A collection of vicious weapons made of shark teeth reveals that two species of sharks vanished from the reefs of Kiribati before scientists even noticed the species were there.
Until about 130 years ago, residents of the Gilbert Islands, which make up much of the Republic of Kiribati in the Pacific Ocean, used teeth from dusky sharks (Carcharhinus obscrus) and spotfin sharks (Carcharhinus sorrah) to make swords, spears, daggers and other fearsome weapons. Today, spotfin sharks can be found near Australia and Indonesia, and dusky sharks can be spotted near Fiji ― but neither plies the waters around Kiribati.
"We're losing species before we even know that they existed," said study researcher Joshua Drew, an ichthyologist at Columbia University. "That just resonates with me as fundamentally tragic."
Sharks have long been a major part of the Gilbert Islands’ culture, as the animals played a role in Kiribati myths and rituals, Drew told LiveScience. The first European visitors to the islands in the late 1700s noted the native inhabitants’ craftsmanship of weapons made of shark teeth. Weapon-makers would drill tiny holes in the teeth and secure them to wooden handles using coconut fibers and human hair. The results were daunting: all sharp points and serrated sides. [Image Gallery: Amazing Great White Sharks]
Drew and his colleagues were looking for ways to tie sharks into their culture in order to get people excited about conservation. They were "poking around" in the anthropology collections of the Field Museum of Natural History in Chicago, when museum anthropologist Christopher Philipp, also one of the study authors, asked if they'd like to see some shark-tooth weapons.
"Anytime anybody asks you that question, your natural response is 'Yeah!'" Drew said. "They're cool."
The weapons were scientifically cool, too. Shape, serration patterns and other features of shark teeth were enough for researchers to identify the species. That meant Drew and his colleagues could figure out what kind of sharks the people of the Gilbert Islands were catching before scientific expeditions to the atolls were ever launched.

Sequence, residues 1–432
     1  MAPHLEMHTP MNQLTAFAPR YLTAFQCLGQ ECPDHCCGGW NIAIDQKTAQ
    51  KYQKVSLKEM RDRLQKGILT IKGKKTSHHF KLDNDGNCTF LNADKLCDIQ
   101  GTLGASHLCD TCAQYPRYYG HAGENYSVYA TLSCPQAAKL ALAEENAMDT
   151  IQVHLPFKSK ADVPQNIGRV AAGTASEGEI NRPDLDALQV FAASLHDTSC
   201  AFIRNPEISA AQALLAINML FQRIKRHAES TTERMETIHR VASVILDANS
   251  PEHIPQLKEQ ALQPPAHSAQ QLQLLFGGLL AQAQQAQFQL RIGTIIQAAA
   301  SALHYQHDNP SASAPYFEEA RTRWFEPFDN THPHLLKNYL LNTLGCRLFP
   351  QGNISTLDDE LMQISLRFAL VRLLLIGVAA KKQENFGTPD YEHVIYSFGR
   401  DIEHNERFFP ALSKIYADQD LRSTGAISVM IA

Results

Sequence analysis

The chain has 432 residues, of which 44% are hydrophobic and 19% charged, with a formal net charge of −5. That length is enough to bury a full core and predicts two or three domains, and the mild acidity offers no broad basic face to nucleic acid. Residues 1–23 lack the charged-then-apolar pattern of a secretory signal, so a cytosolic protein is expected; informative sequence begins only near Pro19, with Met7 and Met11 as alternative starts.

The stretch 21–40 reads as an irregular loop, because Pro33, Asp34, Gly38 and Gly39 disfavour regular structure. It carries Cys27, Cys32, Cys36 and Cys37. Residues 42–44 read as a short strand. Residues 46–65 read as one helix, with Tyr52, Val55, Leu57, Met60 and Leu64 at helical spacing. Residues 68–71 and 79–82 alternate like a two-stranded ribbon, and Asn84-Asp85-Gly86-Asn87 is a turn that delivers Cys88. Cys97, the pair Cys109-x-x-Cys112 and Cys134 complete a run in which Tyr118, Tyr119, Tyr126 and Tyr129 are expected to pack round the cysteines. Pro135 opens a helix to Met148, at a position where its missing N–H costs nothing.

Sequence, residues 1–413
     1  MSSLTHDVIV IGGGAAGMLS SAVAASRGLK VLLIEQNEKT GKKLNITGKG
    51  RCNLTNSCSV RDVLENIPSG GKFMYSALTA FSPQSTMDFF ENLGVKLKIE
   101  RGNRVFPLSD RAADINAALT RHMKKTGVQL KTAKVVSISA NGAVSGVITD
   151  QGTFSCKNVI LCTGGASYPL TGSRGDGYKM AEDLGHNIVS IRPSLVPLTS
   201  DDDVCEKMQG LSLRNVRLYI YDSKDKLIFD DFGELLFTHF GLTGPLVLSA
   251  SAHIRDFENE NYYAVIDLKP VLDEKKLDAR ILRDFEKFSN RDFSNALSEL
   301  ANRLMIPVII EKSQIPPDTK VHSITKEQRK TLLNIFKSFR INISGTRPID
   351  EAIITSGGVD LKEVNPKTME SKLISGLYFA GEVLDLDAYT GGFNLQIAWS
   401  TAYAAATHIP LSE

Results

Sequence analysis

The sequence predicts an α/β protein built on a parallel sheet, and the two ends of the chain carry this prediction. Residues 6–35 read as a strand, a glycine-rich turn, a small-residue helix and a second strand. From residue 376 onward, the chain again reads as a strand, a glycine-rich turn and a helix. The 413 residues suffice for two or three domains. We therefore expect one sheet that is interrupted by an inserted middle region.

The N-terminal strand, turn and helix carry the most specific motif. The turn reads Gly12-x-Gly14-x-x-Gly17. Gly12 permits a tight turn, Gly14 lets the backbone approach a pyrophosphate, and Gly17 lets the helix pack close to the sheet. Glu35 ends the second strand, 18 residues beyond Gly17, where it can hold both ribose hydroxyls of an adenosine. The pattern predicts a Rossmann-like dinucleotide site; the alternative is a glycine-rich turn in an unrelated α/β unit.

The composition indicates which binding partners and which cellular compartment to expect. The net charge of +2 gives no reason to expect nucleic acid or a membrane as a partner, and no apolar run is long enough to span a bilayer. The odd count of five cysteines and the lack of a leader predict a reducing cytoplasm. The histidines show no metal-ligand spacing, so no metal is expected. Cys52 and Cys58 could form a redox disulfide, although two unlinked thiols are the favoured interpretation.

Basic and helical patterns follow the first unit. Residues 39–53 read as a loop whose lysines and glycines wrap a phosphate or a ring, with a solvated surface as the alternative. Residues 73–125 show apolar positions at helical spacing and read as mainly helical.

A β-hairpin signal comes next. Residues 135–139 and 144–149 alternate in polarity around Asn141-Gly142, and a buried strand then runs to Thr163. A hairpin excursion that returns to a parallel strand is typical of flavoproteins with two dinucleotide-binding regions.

Using field guides and the museum's collections of shark jaws, the researchers identified teeth from eight species of shark on 122 weapons and teeth collections from the Gilbert Islands. The most common of those species was the silvertip shark (C. albimarginatus), whose teeth graced 34 weapons. Gilbert Islands weapon-makers also used teeth from silky sharks, oceanic whitetip sharks, tiger sharks, blue sharks and hammerheads.
Most surprising to scientists, however, was the discovery of dusky and spotfin sharks' teeth, as no scientist has ever recorded those sharks in Gilbert Islands reefs. It's unlikely that these two commercially valuable species would have been overlooked, the researchers wrote in a study published today (April 3) in the journal PLOS ONE, so it seems that the sharks simply vanished before anyone started taking a census.
"Probably, they were fished out," Drew said. Extensive shark-finning operations started in the region by the early 1900s, and in 1950 alone, fisherman pulled almost 7,716 pounds (3,500 kilograms) of shark fins (and only fins) from Gilbert Island waters. (Scientists now estimate that 100 million sharks are killed worldwide each year.)
The findings underscore the connection between Gilbert Islanders and sharks, Drew said. Kiribati has been a world leader in marine conservation, he said, adding that he hopes the findings will encourage more of that work. The discovery of previously unknown sharks in the area also pushes conservationists not to "set the bar too low" for Gilbert Islands reefs, Drew said, given that at one point, they supported more biodiversity than they do today.
"We shouldn't pack up and call it a day because we have two species of sharks there," Drew said. "We can do better."
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Stephanie Pappas is a contributing writer for Live Science, covering topics ranging from geoscience to archaeology to the human brain and behavior. She was previously a senior writer for Live Science but is now a freelancer based in Denver, Colorado, and regularly contributes to Scientific American and The Monitor, the monthly magazine of the American Psychological Association. Stephanie received a bachelor's degree in psychology from the University of South Carolina and a graduate certificate in science communication from the University of California, Santa Cruz.